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$i = $_;
$o = eval($i);
printf ("the answer is %.3g", $o);
# $o = output answer $i = input
if you type 10000/3 you get "the answer is 3.33e+003"
what can i do so that there are no unecessary 0s in the exponent?
[edited by: phranque at 10:17 pm (utc) on July 22, 2008]
[edit reason] disabled smileys ;) [/edit]
The correct answer, I believe, is no.
Note that the number of exponent digits in the scientific notation produced by %e, %E, %g and %G for numbers with the modulus of the exponent less than 100 is system-dependent: it may be three or less (zero-padded as necessary). In other words, 1.23 times ten to the 99th may be either "1.23e99" or "1.23e099".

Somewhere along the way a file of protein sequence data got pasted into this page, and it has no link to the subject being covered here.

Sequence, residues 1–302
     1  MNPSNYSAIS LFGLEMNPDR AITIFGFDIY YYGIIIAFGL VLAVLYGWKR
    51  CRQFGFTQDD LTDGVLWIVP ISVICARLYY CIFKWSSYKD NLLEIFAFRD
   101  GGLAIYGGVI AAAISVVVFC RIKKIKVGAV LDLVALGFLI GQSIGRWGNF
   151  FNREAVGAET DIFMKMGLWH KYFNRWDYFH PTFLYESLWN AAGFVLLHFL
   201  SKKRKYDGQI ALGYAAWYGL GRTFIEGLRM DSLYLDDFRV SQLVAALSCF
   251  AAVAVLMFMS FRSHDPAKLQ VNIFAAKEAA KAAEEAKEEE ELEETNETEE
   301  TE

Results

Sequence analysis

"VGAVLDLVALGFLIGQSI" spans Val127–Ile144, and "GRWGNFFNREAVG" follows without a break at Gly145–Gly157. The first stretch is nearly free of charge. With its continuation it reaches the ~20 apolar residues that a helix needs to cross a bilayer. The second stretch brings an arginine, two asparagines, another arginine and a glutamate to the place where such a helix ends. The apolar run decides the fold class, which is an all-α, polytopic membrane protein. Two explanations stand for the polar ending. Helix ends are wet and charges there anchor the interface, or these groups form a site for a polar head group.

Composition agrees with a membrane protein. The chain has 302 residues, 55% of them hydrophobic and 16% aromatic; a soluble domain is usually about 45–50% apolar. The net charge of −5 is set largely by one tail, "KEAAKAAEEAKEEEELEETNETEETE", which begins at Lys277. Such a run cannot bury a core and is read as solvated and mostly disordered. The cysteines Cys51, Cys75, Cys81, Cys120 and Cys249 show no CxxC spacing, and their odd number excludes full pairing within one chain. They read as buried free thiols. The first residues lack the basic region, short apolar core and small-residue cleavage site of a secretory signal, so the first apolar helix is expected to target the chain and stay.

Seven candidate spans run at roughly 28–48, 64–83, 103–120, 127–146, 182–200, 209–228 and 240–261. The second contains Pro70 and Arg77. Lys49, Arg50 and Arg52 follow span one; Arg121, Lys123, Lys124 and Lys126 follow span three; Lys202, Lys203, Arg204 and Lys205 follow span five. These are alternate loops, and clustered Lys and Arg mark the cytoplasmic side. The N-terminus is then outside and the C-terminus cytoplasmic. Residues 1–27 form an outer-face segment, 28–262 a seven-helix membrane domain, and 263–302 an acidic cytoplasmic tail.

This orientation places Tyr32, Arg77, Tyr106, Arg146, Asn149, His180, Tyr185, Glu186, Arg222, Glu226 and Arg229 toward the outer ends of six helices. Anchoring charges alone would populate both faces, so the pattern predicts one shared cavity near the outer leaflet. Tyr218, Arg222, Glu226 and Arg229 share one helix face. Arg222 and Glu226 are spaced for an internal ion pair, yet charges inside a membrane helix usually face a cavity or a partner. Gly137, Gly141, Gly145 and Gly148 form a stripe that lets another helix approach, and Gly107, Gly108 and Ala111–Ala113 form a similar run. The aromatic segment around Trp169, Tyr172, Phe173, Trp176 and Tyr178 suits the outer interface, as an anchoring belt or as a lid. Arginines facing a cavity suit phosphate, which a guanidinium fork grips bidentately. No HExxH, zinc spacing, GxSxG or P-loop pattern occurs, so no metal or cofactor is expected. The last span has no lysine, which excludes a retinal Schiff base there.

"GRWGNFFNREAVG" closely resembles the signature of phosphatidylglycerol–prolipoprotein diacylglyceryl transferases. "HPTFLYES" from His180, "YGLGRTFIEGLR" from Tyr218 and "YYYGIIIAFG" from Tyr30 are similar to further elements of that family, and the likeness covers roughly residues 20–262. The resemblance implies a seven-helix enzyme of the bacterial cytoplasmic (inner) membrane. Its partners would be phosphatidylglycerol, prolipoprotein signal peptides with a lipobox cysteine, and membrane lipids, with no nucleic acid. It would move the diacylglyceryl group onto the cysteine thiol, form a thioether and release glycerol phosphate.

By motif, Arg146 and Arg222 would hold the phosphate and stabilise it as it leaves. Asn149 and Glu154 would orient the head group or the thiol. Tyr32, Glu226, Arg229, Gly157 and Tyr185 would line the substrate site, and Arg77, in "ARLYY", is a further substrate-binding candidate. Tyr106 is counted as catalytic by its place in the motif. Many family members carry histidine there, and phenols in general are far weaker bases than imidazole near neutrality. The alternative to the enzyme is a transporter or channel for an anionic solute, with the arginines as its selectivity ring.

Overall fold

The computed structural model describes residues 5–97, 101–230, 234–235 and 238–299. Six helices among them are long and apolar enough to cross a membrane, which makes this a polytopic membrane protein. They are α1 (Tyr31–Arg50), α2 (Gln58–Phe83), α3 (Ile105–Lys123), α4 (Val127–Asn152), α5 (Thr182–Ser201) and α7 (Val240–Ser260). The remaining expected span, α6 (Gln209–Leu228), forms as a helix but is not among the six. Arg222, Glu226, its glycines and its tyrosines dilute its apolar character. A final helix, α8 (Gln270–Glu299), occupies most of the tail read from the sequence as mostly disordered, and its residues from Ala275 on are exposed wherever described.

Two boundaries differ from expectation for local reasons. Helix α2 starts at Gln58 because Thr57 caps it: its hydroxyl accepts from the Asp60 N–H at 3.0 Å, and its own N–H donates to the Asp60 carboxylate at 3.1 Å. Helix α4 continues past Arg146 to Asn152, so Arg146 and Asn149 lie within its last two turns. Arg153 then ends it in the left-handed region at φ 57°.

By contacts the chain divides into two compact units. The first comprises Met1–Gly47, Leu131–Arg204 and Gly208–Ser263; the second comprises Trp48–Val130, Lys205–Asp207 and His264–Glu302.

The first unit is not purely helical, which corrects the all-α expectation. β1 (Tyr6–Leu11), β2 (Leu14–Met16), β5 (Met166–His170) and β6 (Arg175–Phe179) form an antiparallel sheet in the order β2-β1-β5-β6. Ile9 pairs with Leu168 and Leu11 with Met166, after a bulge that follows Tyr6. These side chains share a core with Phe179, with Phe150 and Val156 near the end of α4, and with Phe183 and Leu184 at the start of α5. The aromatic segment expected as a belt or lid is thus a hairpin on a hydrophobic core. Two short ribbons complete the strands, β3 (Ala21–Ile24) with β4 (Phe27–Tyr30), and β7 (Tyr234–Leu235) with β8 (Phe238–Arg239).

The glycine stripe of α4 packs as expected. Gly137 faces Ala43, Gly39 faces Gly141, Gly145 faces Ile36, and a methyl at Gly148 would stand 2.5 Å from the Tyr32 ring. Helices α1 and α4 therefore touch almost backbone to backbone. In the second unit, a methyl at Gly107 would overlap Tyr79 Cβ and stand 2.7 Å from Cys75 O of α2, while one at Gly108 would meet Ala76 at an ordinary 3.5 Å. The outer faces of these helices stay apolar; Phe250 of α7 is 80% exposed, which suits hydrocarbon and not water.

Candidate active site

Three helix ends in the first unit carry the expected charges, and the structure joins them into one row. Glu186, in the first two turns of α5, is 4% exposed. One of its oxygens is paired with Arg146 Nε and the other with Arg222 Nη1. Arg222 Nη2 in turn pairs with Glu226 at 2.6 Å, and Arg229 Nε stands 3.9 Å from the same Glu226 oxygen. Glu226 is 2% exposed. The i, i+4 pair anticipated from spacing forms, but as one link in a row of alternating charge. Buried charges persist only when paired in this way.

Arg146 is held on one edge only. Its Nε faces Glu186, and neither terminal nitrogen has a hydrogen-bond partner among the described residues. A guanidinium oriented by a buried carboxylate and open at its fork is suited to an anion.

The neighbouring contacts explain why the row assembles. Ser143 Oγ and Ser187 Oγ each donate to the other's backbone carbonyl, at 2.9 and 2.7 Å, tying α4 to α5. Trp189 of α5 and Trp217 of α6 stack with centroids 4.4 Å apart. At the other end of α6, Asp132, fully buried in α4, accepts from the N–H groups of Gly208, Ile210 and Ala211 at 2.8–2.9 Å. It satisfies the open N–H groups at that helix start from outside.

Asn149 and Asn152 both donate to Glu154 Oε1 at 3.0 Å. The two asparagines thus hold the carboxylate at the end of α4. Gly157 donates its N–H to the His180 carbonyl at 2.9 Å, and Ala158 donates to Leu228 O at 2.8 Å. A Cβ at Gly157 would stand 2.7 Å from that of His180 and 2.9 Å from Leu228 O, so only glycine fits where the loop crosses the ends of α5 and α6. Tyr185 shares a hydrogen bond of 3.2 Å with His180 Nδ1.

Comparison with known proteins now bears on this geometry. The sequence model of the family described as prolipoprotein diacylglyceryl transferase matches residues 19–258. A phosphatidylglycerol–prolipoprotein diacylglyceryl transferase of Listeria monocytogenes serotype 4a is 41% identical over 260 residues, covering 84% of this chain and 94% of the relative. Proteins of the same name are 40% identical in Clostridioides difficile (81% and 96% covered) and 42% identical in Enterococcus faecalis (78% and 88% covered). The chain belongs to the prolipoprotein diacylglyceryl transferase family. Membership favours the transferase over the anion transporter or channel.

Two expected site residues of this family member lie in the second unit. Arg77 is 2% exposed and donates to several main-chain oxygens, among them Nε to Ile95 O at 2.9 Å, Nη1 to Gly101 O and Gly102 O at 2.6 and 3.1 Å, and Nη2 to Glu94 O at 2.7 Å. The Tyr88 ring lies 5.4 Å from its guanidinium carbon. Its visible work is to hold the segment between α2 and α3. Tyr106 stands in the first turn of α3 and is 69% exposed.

(The format arguments for printf are explained in sprintf.)
and would that mean that the formatting printed locally in the command line window might be different from the formatting printed by a server hosting a web page?
After all, PERL stands for: Practical Extraction (and) Reporting Language
$answer = sprintf("%.3g", $o);
$answer =~ s/(.*)(\+[^0]*)(0+)([^0]*)/$1$2$4/;
print "the answer is $answer";
>the answer is 3.33e+3
Directly from sprintf/printf is one thing, treating it as a string is another case altogether. :-)